Almost a month later the first letter arrived from our world travellers and to our dismay it was all but enthusiastic. In his next letter, brother Joe described their arrival at Estavan [sic], Saskatchewan and their impression of the new country. It was around this time our emigrants made the dismal discovery that in this new land called Canada just about everyone spoke English. Besides our family there was my father's Alberta brother, Uncle Frank and his wife Aunt Thekla with their family of five and their hired man, a Russian by the name of Conrad, were in our party to emigrate to America.
Eventually we arrived in Bremen where we had to stay a few days before boarding the ship A train took us to the dock where the huge steamship S. Kaiser William II was anchored. The brass band on the steamer played the sad wanderer wails as only the Germans can play them:.
Muss i denn, muss i denn zum staedele naus. Must I leave, must I leave my little home town, Little home town, and you, my darling stays here. Now, adieu, my dear homeland, dear homeland, adieu, We are leaving for a far away strange land, Dear homeland, adieu. Everyone was happy when we saw wheat and oats Naked women in Tomahawk cornfields again near Winnipeg.
The scenery was very much the same as the steppes of southern Russia. A short time later a man stepped up on the platform and asked my father if we were the family of Joe Doll. He had been instructed by his brother to meet us when we arrived and direct us to two little houses which he had rented for us. We asked ourselves, "Where is this Peace River country? But as time passed, the newcomers were gradually introduced to Canadian farm life. They met Naked women in Tomahawk people of German origin with whom they became close friends, and going to church they met many people who seemed happy and content with their lot.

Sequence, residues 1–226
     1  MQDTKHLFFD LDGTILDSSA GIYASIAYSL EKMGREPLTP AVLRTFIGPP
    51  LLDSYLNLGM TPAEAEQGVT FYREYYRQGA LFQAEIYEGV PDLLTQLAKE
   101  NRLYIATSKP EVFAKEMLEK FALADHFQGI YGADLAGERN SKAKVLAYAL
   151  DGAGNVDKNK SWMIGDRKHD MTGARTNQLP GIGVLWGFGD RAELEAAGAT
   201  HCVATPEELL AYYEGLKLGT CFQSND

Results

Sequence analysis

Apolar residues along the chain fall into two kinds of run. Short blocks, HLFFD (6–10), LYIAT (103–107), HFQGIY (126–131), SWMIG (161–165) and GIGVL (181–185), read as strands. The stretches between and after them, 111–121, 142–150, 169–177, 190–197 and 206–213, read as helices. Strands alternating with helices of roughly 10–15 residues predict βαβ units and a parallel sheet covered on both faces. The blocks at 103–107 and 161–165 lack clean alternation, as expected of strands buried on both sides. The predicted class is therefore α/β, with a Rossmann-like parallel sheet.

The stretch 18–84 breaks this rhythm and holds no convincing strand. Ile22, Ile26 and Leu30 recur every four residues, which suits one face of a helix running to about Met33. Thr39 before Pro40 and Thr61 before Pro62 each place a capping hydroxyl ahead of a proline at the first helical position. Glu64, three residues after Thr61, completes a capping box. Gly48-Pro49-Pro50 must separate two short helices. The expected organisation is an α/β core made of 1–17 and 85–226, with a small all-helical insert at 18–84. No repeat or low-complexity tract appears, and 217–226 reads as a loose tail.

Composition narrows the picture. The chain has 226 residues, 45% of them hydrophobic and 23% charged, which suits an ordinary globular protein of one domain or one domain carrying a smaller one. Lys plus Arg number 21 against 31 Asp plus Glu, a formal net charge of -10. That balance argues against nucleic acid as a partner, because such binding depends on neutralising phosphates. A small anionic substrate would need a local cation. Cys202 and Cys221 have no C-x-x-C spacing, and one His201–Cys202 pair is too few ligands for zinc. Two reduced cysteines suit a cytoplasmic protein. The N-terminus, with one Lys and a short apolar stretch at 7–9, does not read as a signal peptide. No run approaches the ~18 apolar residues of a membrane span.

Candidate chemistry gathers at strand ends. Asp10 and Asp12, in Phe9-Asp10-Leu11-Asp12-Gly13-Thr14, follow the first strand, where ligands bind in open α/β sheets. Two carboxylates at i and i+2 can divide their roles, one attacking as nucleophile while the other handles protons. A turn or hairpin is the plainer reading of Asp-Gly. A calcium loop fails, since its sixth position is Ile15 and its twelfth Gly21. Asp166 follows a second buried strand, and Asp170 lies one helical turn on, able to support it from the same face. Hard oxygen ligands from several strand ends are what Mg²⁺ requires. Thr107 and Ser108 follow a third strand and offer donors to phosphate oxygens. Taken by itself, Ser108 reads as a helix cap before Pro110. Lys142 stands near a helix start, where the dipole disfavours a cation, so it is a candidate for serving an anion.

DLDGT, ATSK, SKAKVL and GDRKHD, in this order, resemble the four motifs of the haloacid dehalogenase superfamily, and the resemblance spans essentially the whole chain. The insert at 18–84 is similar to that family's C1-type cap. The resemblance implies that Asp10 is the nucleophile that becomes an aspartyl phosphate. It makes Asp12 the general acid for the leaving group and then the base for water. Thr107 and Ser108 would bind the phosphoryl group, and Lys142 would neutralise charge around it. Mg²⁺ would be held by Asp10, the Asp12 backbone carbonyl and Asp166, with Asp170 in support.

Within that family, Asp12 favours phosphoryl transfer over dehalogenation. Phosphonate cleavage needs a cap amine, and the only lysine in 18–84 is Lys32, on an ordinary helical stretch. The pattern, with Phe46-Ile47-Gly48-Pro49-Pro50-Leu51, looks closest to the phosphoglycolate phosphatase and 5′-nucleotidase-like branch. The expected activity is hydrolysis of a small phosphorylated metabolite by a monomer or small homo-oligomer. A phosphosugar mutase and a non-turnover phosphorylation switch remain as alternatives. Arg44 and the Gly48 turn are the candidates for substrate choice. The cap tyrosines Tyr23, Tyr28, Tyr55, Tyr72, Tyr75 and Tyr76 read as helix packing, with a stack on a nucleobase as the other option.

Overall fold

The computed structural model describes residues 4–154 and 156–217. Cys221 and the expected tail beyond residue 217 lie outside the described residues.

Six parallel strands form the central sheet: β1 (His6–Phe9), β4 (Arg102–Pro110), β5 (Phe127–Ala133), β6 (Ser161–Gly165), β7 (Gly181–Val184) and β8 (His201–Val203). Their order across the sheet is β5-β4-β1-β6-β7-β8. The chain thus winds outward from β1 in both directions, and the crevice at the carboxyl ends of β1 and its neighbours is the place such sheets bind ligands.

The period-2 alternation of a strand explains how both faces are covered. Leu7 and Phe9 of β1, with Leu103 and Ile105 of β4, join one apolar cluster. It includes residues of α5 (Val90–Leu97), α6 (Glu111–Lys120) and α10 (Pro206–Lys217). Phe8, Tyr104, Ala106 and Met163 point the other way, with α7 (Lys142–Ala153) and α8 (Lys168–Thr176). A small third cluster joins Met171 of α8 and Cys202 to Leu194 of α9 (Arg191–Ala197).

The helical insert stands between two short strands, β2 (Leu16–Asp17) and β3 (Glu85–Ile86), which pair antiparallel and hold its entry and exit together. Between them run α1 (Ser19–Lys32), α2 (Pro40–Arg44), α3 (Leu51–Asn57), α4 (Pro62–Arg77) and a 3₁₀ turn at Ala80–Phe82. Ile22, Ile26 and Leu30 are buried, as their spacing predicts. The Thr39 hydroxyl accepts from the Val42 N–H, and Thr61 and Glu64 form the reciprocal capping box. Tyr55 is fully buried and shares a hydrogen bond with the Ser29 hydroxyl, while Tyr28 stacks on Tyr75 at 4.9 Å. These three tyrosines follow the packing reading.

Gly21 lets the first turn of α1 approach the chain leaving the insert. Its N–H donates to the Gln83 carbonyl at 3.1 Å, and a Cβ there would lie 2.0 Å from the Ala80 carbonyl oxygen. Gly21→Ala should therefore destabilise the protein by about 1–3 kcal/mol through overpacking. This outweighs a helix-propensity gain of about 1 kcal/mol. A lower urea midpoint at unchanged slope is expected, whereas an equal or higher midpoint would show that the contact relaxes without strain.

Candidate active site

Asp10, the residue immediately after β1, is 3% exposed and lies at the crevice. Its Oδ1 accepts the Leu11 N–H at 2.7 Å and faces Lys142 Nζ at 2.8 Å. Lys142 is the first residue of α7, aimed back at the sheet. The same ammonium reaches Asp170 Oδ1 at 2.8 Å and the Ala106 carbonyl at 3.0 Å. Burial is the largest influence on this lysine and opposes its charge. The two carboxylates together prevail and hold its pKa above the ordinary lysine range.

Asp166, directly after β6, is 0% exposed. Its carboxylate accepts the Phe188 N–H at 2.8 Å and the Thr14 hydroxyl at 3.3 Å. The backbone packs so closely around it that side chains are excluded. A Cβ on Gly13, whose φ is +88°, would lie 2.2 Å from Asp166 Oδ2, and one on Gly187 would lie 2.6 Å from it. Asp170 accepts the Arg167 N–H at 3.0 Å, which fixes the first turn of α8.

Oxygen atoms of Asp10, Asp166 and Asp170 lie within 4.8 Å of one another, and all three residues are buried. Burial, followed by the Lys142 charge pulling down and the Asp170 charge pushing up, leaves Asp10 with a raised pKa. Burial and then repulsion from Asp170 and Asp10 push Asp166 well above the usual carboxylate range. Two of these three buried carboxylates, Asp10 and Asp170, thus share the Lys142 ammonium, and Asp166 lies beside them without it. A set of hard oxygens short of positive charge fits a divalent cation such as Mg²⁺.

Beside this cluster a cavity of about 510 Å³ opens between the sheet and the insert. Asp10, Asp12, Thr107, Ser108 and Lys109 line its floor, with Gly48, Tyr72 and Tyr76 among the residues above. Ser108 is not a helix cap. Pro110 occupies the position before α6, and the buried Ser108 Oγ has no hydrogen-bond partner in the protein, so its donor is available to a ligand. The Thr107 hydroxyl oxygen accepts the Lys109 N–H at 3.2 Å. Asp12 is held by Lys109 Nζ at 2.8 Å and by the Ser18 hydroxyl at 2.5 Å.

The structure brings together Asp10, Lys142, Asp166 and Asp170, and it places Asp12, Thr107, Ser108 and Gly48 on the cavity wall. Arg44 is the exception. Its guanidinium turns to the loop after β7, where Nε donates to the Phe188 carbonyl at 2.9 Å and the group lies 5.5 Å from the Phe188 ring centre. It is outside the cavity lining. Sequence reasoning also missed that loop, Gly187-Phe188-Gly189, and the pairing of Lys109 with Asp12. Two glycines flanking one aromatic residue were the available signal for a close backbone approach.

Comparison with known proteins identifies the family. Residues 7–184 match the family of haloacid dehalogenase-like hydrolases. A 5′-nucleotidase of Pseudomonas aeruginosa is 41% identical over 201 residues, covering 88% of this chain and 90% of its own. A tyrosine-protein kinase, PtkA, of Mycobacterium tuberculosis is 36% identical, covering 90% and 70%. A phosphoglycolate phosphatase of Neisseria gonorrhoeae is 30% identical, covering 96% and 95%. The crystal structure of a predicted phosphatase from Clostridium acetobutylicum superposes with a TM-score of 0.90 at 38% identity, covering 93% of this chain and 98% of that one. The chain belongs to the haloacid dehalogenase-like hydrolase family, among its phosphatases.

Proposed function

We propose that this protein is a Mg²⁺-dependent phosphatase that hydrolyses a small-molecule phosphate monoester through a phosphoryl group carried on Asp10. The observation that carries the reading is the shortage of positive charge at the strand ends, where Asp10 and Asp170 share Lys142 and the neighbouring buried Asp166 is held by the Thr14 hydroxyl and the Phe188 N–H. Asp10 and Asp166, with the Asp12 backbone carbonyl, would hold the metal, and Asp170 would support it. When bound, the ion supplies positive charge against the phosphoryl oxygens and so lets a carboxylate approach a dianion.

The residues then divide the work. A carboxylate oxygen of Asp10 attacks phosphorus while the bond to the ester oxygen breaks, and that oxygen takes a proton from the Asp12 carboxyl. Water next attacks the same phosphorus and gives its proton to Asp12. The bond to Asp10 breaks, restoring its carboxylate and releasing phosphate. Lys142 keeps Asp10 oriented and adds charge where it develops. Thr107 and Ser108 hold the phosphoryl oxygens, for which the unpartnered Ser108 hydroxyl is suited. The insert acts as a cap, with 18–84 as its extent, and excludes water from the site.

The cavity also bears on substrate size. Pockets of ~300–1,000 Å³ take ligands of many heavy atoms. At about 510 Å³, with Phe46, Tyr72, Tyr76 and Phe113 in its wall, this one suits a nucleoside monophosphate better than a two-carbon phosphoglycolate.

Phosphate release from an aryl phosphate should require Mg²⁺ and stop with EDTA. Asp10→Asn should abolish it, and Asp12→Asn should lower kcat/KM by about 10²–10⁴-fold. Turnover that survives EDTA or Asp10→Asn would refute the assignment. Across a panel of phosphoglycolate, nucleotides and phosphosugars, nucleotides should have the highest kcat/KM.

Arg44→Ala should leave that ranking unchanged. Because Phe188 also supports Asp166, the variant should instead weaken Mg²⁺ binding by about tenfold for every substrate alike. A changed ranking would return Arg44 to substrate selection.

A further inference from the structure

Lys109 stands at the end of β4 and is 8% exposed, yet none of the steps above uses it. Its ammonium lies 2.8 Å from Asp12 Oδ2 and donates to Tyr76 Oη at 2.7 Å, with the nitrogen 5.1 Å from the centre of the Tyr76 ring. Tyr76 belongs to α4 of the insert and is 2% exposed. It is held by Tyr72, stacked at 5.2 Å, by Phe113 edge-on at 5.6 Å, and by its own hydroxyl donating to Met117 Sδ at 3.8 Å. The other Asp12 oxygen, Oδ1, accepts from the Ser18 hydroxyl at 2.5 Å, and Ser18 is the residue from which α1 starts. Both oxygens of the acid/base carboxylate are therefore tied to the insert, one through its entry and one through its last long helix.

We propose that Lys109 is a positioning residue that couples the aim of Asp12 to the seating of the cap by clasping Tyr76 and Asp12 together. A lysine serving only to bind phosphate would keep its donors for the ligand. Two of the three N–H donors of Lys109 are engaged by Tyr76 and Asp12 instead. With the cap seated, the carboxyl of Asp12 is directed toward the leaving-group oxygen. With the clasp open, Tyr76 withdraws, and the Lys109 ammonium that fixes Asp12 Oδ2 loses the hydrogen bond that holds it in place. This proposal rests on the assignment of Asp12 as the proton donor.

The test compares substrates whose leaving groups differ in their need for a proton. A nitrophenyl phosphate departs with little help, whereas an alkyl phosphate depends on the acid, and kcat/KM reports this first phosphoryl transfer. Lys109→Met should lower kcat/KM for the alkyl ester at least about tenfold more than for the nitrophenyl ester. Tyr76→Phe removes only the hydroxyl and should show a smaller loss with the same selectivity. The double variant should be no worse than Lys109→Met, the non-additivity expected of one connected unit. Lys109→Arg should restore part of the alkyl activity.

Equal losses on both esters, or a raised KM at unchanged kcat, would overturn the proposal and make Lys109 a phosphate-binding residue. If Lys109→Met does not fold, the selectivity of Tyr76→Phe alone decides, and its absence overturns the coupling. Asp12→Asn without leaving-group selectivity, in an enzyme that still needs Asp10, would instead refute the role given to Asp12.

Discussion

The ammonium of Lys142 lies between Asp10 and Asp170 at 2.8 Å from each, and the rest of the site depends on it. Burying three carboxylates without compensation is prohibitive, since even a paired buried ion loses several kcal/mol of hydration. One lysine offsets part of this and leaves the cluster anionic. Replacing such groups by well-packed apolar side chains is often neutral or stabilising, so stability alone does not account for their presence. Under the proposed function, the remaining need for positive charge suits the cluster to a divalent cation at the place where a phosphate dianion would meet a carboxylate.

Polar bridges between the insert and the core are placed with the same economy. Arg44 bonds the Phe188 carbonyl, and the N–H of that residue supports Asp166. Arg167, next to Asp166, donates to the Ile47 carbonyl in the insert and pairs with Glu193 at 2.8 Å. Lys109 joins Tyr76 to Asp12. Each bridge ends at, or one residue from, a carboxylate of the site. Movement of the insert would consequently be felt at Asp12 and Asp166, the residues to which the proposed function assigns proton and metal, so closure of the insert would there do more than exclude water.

The oppressive sense of distance and isolation is evident in another homesteader's recollections who had grown up in Ladysmith, Quebec and would be among the first German women to settle in Alberta:. Everything was new to me, I had not been on a train since the trip from Germany. We had to stop over Sunday in Winnipeg as trains did at that time not run on a Sunday.
We went up to our room in the hotel. I threw myself on the bed and cried as I had never cried before. We left Winnipeg on Monday morning and got to Medicine Hat and from there on, a little narrow gauge called turkey train took us to Lethbridge, and on that train people were on the lookout for a glimpse of the Rocky Mountains. On the same train was a Methodist minister He asked me where I was going. I said Pincher Creek. At Lethbridge my husband's partner or friend was waiting for us with a wagon and four horse team. After making some purchases the next day, we started for the mile drive to Pincher Creek in a lumber wagon.
It was a long lonesome drive and as far as the eye could see it was prairie and nothing but prairie and lovely little creeks and rivers which we had to ford. Fort Macleod was a dry stony little place and looked forlorn enough, and here the wind started to blow. I had hard work hanging on to my hat as it had no elastic, for where I came from, there was no wind Well, we reached home It was a pleasing sight, to be sure. The people who had been keeping house during my husband's absence moved out the next day, and I started to clean up the house and whitewash it.